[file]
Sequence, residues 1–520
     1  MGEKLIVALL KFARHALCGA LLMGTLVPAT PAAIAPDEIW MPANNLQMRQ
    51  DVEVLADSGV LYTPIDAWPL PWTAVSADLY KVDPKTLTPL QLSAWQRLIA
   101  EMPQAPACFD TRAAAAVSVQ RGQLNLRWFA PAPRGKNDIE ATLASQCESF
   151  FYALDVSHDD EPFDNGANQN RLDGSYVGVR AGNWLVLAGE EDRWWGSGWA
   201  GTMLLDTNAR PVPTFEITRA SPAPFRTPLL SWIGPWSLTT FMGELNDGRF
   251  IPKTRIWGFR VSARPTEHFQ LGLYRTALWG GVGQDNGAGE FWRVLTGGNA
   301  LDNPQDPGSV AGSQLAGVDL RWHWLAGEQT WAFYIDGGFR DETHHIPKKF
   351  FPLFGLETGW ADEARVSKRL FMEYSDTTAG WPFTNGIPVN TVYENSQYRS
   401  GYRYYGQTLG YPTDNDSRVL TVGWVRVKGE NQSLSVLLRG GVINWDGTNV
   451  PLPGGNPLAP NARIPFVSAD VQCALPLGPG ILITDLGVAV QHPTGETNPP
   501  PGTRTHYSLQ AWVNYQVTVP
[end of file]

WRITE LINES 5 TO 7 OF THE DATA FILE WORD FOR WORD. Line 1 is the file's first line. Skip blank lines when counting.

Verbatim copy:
   151  FYALDVSHDD EPFDNGANQN RLDGSYVGVR AGNWLVLAGE EDRWWGSGWA
   201  GTMLLDTNAR PVPTFEITRA SPAPFRTPLL SWIGPWSLTT FMGELNDGRF
   251  IPKTRIWGFR VSARPTEHFQ LGLYRTALWG GVGQDNGAGE FWRVLTGGNA